Gas is well over $4 a gallon in most places in California — and soaring elsewhere as well. But are such high energy prices good or bad?
That should be a stupid question. Yet it is not, when the Obama administration has stopped new domestic offshore oil exploration in many American waters, curbed oil leases in the West, and keeps oil-rich areas of Alaska exempt from drilling. Last week, President Obama went to Brazil and declared of that country’s new offshore finds: “With the new oil finds off Brazil, President [Dilma] Rousseff has said that Brazil wants to be a major supplier of new stable sources of energy, and I’ve told her that the United States wants to be a major customer, which would be a win-win for both our countries.”
Consider the logic of the president’s Orwellian declaration: The United States in the last two years has restricted oil exploration of the sort Brazil is now rushing to embrace. We have run up more than $4 trillion in consecutive budget deficits during the Obama administration and are near federal insolvency. Therefore, the United States should be happy to borrow more money to purchase the sort of “new stable sources of energy” from Brazil’s offshore wells that we most certainly will not develop off our own coasts.
It seems as if paying lots more for electricity and gas, in European fashion, was originally part of the president’s new green agenda. He helped push cap-and-trade legislation through the House of Representatives in 2009. Had such Byzantine regulations become law, a recessionary economy would have sunk into depression. Obama appointed the incompetent Van Jones as “green-jobs czar” — until Jones’s wild rantings confirmed that he knew nothing about his job description “to advance the administration’s climate and energy initiatives.”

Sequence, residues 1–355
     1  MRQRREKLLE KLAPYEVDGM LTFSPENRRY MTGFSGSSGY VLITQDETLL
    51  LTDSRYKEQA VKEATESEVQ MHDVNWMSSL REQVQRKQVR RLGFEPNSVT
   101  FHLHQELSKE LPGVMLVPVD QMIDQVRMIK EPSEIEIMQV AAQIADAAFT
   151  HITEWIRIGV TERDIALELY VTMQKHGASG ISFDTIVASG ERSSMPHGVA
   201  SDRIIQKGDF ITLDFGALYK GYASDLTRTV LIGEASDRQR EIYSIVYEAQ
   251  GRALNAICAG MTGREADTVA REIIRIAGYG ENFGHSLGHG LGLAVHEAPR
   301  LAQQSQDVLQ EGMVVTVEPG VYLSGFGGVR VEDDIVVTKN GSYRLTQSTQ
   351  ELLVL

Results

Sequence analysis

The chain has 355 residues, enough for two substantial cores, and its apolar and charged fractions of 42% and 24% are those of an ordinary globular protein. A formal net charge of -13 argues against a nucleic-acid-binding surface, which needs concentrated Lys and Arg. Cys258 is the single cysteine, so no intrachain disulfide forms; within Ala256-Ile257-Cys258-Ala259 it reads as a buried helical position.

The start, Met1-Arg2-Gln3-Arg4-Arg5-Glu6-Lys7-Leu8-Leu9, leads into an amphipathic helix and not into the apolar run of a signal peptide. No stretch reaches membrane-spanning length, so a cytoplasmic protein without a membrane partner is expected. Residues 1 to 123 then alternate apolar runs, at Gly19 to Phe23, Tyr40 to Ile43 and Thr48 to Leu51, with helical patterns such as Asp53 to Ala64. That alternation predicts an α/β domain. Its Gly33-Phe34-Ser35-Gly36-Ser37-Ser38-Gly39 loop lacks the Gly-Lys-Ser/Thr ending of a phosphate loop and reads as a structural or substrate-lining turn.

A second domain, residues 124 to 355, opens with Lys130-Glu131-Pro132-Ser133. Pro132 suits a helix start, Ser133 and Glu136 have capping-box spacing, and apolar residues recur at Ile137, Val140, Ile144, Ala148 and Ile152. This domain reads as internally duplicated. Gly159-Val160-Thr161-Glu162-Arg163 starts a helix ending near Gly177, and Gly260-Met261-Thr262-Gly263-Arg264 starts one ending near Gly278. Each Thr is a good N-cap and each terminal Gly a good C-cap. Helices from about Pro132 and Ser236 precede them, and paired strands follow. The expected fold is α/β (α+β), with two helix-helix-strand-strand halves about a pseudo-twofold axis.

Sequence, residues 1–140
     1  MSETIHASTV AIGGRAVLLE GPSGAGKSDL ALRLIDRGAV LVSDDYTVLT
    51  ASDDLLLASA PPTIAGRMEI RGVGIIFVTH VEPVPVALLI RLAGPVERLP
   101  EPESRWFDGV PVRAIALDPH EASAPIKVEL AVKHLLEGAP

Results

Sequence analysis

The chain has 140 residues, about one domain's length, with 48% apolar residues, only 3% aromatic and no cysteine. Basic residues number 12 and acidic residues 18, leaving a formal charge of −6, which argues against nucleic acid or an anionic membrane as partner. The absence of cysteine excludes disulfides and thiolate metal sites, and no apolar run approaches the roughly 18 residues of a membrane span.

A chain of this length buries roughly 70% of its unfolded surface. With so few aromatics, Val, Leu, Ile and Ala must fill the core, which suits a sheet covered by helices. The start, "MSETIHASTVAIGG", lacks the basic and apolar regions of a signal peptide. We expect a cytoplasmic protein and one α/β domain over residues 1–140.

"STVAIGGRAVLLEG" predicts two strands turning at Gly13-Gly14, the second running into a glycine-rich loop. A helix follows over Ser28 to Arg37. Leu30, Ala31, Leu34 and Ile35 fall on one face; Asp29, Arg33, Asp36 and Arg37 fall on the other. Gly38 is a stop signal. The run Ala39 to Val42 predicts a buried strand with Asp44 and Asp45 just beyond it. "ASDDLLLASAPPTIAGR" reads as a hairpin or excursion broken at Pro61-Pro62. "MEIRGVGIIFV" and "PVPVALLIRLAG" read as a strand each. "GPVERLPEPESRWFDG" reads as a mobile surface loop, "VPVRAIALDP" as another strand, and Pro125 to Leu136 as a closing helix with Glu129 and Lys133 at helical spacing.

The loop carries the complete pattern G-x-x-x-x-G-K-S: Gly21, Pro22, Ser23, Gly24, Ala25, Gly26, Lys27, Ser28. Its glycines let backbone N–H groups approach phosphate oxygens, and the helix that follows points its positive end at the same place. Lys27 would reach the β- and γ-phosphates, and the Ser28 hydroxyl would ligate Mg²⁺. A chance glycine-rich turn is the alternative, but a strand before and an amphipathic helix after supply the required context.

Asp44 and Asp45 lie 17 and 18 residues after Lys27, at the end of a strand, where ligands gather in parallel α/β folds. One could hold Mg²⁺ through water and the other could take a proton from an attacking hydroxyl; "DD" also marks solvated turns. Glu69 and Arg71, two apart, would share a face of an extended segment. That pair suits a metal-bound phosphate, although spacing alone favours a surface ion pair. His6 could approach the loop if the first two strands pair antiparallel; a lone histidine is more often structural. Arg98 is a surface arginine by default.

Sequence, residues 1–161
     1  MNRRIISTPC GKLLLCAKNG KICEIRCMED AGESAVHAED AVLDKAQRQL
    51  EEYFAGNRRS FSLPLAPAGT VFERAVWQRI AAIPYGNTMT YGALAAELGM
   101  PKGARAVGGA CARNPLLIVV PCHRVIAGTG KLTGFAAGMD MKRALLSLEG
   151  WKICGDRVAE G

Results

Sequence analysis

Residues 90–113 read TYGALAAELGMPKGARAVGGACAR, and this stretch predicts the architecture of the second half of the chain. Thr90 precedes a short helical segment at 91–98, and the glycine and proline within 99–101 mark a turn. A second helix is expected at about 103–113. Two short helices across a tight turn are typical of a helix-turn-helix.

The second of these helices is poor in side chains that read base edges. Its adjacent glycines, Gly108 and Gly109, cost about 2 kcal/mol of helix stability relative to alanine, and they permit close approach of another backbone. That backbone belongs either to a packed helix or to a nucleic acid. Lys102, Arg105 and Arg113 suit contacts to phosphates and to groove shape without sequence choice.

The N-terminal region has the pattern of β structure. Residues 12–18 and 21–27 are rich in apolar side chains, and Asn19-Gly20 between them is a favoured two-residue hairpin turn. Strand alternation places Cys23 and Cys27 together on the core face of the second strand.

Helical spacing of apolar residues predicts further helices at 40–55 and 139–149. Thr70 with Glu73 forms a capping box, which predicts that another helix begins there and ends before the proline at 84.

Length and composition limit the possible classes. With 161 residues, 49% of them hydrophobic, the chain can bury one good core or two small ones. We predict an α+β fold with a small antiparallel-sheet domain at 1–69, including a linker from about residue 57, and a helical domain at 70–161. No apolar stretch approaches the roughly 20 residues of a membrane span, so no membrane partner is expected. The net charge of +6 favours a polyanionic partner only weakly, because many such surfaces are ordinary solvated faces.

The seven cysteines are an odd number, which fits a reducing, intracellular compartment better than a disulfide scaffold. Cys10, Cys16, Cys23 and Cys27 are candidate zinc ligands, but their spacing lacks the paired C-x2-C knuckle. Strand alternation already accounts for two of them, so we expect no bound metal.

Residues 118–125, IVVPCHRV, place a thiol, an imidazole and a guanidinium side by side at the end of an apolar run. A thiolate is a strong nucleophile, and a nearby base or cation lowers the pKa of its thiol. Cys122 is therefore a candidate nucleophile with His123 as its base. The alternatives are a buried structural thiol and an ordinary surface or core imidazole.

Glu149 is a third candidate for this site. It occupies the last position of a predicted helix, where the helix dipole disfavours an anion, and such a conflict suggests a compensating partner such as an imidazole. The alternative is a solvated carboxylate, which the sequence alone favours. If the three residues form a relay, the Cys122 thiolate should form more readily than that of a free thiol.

At a time of trillion-dollar deficits, the administration is borrowing billions to promote high-speed rail, and is heavily invested in the federally subsidized $42,000 Government Motors Chevy Volt. Apparently the common denominator here is a deductive view that high energy prices will force Americans to emulate European centrally planned and state-run transportation.
That conclusion is not wild conspiracy theory, but simply the logical manifestation of many of the Obama administration’s earlier campaign promises. Secretary of Energy Steven Chu — now responsible for the formulation of American energy policy — summed up his visions to the Wall Street Journal in 2008: “Somehow we have to figure out how to boost the price of gasoline to the levels in Europe.” I think Chu is finally figuring out the “somehow.”
A year earlier, Chu was more explicit in his general contempt for the sort of fuels that now keep Americans warm and on the road: “Coal is my worst nightmare. . . . We have lots of fossil fuel. That’s really both good and bad news. We won’t run out of energy but there’s enough carbon in the ground to really cook us.”
In fairness to Chu, he was only amplifying what Obama himself outlined during the 2008 campaign. Today’s soaring energy prices are exactly what candidate Obama once dreamed about: “Under my plan of a cap-and-trade system, electricity rates would necessarily skyrocket.” Obama, like Chu, made that dream even more explicit in the case of coal: “So, if somebody wants to build a coal plant, they can — it’s just that it will bankrupt them, because they are going to be charged a huge sum for all that greenhouse gas that’s being emitted.”
There are lots of ironies to these Alice-in-Wonderland energy fantasies. As the public becomes outraged over gas prices, a panicked Obama pivots to brag that we are pumping more oil than ever before — but only for a time, and only because his predecessors approved the type of drilling he has stopped.
The entire climate-change movement, fairly or not, is now in shambles, thanks to serial scandals about faked research, consecutive record cold and wet winters in much of Europe and the United States, and the conflict-of-interest, get-rich schemes of prominent global-warming preachers such as Al Gore.
The administration’s energy visions are formulated by academics and government bureaucrats who live mostly in cities with short commutes and have worked largely for public agencies. These utopians have no idea that without reasonably priced fuel and power, the self-employed farmer cannot produce food. The private plant operator cannot create plastics. And the trucker cannot bring goods to the consumer — all the basics like lettuce, iPads, and Levis that a highly educated, urbanized elite both enjoys and yet has no idea of how a distant someone else made their unbridled consumption possible.
— Victor Davis Hanson is a classicist and historian at the Hoover Institution, Stanford University, and the author, most recently, of The Father of Us All: War and History, Ancient and Modern. © 2011 Tribune Media Services, Inc.